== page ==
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  • Print publication year: 2011
  • Online publication date: August 2011

5 - The Earth's Moon: stepping stone to the planets

from Part 2 - The inner solar system: rocky worlds

Summary

• When the Moon moves into the Earth's shadow, the full Moon turns blood red; when the Earth travels into the Moon's shadow it can become dark during the day.

• The full Moon looks bigger near the horizon than directly overhead, but its changing size is an illusion.

• The Moon spins on its axis with the same period in which it revolves around the Earth, at 27.3 days, keeping its far side forever hidden to Earth-bound observers.

• The near side of the Moon contains light, rugged, cratered regions called highlands and dark smooth lava flows dubbed maria; the far side of the Moon is mostly highlands and has very few maria.

• For more than two centuries, lunar craters were attributed to volcanoes on the Moon, but they are now widely known to be due to the explosive impact of interplanetary projectiles, known as meteors when in space and meteorites upon hitting the surface of a moon or planet.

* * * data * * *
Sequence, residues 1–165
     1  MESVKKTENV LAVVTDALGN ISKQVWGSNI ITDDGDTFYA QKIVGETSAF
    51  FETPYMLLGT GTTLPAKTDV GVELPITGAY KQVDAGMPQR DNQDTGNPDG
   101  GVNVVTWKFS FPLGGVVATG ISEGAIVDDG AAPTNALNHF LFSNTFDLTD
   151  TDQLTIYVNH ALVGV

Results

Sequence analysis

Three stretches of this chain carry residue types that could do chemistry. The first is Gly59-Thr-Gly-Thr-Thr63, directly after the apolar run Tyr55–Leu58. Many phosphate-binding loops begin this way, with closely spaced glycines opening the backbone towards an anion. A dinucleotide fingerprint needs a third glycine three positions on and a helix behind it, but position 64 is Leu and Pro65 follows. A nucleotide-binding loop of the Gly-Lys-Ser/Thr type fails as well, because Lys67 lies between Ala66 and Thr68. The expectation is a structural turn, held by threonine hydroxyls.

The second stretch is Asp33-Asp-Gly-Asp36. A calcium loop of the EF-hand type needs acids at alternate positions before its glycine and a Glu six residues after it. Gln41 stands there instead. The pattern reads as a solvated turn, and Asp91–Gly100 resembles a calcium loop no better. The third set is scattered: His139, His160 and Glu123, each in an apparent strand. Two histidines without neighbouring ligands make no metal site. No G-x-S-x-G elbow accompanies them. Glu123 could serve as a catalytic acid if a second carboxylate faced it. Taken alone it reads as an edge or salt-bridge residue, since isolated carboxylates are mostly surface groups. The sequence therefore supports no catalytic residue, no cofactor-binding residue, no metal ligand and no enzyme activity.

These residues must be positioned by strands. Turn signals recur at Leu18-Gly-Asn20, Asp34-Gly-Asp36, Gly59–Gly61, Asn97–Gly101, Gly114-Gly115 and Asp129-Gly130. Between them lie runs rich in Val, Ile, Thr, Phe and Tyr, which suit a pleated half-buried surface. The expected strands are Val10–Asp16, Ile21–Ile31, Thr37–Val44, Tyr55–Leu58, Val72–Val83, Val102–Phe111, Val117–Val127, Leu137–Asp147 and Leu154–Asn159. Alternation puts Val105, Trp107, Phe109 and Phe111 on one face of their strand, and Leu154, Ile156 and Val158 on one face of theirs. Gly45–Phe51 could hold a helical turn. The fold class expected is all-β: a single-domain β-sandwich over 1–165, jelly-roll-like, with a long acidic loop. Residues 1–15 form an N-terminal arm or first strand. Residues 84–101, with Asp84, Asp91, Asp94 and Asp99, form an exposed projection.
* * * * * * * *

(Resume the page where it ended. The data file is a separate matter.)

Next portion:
• More than thirty years ago, twelve humans roamed the surface of the Moon and brought back nearly half a ton of rocks.

• Because the Moon has almost no atmosphere, its sky remains pitch black in broad daylight and there is no sound or weather on the Moon.

• Two modest spacecraft, named Clementine and Lunar Prospector, chalked up an impressive list of accomplishments in the 1990s, including evidence for a lunar core and for water ice at the poles of the Moon. […]

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